First Flora & Fauna store officially opening next month
Vegan and cruelty-free online store Flora & Fauna is putting the finishing touches on its first bricks-and-mortar store, set to open on July 13 in North Rocks in Sydney.
Flora & Fauna has been in operation as a pureplay retailer for five years but according to founder Julie Mathers, it was always her plan to eventually open a physical store.
“I’m a massive fan of stores. We’re purpose-driven but we’re also customer experience-driven and you can give someone a great customer experience online but it’s nice to have that physical experience,” said Mathers, who took out the top spot in this year’s Top 50 People in E-Commerce report.
“I started working in stores and I just love having that close experience with customers where you can build a community. If we look back to the stores that are on the rise, it’s around building that community.”
The new store will have a portion of the Flora & Fauna range on display, but the team has recently worked on building an endless aisle and click-and-collect offer.
The shop will also act as a recycling point and offer bulk refill, as it will feature the first Eco Store refill station in Australia and customers will be able to bring in their own containers and refill them with shampoo, conditioner and washing liquid.
Mathers said that when it came to shaping the customer experience at Flora & Fauna, she was inspired by her past experiences with UK catalogue retailer Argos.
“They’ve been around for donkey years and they’re cool. There used to be a big catalogue, so you’d go up to the counter, pick out what you want from it, give it to the person at the front and they went to the back to pick it for you,” she said.
“It was a fun experience and in some ways, I’m riffing on that with modern-day click-and-collect. You’ll be able to buy anything from our business in-store and we’ll get it to you today.”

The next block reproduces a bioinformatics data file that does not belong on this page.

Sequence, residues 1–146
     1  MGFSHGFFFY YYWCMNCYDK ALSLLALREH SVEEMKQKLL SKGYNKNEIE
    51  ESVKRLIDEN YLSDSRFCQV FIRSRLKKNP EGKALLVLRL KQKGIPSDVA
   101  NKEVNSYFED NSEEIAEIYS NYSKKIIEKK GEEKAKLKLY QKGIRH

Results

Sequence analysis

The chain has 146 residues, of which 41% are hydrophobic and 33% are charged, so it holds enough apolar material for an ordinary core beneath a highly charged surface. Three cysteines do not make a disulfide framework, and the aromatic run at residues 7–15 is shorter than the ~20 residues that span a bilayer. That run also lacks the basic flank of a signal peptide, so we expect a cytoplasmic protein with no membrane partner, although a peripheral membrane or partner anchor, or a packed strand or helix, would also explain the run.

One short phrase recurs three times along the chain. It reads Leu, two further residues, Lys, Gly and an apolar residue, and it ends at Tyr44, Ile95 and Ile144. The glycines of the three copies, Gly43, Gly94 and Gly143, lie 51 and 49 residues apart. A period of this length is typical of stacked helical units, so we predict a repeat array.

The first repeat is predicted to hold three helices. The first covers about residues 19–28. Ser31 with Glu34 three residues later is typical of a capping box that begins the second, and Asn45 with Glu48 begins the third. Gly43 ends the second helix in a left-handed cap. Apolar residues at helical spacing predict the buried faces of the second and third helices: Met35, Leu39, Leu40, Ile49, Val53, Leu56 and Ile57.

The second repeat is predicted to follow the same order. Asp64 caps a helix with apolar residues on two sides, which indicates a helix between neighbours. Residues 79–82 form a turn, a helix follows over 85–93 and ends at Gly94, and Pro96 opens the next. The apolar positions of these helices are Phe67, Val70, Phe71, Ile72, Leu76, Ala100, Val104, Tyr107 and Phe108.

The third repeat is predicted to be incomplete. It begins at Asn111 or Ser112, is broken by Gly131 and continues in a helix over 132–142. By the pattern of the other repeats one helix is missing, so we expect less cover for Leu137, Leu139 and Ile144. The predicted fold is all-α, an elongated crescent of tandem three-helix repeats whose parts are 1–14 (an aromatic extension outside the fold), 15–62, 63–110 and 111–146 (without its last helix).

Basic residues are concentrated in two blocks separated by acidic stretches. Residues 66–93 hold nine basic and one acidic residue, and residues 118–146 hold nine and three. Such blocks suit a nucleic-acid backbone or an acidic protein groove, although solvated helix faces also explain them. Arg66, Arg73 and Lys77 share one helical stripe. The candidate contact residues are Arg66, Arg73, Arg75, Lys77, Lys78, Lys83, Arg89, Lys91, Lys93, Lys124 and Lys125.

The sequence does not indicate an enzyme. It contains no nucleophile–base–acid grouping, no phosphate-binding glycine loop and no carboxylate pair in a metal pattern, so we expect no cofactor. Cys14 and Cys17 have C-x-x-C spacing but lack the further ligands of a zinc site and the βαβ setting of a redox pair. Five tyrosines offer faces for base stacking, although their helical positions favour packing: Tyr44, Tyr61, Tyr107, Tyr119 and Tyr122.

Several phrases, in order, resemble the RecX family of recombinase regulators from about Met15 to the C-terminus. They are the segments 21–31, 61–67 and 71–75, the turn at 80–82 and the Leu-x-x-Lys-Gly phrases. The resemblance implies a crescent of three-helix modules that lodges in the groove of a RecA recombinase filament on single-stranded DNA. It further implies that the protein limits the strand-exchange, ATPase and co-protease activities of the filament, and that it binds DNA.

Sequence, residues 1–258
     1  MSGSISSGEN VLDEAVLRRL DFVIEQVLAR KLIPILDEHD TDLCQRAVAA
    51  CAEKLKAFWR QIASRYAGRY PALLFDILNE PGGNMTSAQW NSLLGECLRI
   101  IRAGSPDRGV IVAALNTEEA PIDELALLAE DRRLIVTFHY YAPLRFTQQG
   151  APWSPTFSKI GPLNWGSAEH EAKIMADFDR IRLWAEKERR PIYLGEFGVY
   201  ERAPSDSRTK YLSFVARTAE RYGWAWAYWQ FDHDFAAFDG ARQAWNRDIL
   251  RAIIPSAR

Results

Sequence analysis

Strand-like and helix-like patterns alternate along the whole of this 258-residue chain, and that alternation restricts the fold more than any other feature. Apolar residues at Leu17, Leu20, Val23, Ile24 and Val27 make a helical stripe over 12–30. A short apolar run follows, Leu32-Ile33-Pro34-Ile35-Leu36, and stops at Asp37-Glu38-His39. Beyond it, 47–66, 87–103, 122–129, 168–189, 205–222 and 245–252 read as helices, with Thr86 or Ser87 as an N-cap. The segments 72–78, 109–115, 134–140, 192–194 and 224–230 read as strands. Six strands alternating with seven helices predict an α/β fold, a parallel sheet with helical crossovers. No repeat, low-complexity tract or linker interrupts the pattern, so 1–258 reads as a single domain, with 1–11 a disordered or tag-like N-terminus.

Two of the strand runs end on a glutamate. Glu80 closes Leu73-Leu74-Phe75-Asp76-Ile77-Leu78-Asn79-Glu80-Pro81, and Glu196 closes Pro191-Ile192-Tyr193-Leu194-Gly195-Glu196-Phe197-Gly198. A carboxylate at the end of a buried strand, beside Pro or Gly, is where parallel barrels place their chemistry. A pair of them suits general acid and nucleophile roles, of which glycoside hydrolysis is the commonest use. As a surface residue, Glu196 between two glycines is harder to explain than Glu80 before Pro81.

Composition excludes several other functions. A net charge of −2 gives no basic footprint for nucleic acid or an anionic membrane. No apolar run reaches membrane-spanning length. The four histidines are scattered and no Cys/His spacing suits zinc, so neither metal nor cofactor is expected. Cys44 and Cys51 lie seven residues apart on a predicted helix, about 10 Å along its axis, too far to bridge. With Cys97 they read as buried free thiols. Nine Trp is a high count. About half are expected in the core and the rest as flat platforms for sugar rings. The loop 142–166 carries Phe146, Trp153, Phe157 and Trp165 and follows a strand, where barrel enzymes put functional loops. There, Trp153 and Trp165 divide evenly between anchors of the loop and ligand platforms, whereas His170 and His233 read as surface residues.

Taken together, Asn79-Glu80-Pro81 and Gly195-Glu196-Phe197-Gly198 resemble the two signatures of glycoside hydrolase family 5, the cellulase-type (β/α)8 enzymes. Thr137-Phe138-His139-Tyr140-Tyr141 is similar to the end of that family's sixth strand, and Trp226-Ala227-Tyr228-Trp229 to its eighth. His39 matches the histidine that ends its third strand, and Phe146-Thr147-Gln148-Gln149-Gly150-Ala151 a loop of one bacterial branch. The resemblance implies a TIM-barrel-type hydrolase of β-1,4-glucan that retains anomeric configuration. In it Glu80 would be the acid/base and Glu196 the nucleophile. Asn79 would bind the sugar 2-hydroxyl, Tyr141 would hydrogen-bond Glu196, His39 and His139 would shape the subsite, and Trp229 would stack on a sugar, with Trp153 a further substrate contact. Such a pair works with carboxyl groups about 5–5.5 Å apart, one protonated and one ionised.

The store will also feature a large window between the shopfront and the warehouse to allow customers and staff to see each other, Mathers added.
To celebrate the launch on July 13, the Flora & Fauna store will transform into an experiential marketplace, extending into the warehouse and featuring installations and stands from brands, where customers can make their own customised vegan chocolate bars, participate in craft tutorials and enjoy samples of tea and makeovers featuring cruelty-free products.
The opening day will also feature different educational seminars and workshops, where customers can learn how to use reusable nappies, compost and create the perfect winged liner.
Mathers added that in the future, in-store events will definitely be on the agenda.
“It’s really important to connect with your customer so you have to focus on experience and this isn’t just in-store, it’s at any touch point with your customer,” she said.
“For us, we’ve been trading over four years and this is a really amazing way to thank our customers for their loyalty and to say hi, and that has been our main focus in making this event, and store, happen.”
Lessons to be learned
In her previous life, Mathers worked for several major retailers such as Masters, Coles and John Lewis in the UK and it is based on those experiences that she has now created her very own bricks-and-mortar store.
One of the most important lessons she learnt was that the focus must always be 100 per cent on the customer in-store, not on other parts of the business.
“If I think way back when to when I started my career and I was in stores at John Lewis, we used to have a lot of admin on the shopfloor, which was a nightmare, because people weren’t focused on the customer,” she recalled.
“You can’t do that – you’ve got to focus on the customer, what they want and their experience. So as soon as they come in, you have to acknowledge and help them.”
Mathers also pointed out that it’s important that retailers consider the role of the physical store and how it works in conjunction with the online store.
“We very much see [the store] as an experience and it supports our greater business. As soon as you start seeing it as a profit centre and making it work in its own right, I believe you become a bit disjointed as a business. I’m not looking at it as an individual profit area – it supports the bigger business.”
According to Mathers, it’s also imperative that businesses are open to failing, experimenting with different concepts and being adaptable even after opening their physical stores.
“We have opened the store knowing we’ll learn and we fully expect to move things around and change. So as a result, we’ve made it quite modular, nothing is fixed, so if we think something doesn’t work, we can change it out. We fully expect to test and learn.”